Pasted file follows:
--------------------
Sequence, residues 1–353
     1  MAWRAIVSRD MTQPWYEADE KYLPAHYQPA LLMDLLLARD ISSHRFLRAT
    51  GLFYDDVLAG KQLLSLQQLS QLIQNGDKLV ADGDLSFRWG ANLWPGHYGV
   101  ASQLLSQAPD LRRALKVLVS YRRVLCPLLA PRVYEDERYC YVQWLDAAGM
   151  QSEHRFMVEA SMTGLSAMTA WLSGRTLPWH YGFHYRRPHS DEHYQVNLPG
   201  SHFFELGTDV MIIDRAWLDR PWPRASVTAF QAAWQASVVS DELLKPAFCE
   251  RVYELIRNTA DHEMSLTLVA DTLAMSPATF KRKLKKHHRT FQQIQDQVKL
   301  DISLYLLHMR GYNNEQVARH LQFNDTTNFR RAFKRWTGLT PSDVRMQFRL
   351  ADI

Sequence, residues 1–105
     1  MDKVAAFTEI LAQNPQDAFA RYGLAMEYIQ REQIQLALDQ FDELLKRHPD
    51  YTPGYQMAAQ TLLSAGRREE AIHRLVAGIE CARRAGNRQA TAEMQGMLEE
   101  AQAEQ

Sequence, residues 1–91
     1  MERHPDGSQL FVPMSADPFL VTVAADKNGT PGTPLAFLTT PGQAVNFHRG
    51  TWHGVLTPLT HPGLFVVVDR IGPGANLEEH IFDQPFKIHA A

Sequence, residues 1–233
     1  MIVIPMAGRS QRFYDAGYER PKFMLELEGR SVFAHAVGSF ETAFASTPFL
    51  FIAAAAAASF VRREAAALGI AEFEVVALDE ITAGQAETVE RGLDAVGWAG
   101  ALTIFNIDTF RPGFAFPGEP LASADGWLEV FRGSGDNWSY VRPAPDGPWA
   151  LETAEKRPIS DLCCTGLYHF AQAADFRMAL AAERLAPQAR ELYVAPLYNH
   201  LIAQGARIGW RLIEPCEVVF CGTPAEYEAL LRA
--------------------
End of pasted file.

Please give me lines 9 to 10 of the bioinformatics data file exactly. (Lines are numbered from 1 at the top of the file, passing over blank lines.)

   351  ADI

Sequence, residues 1–105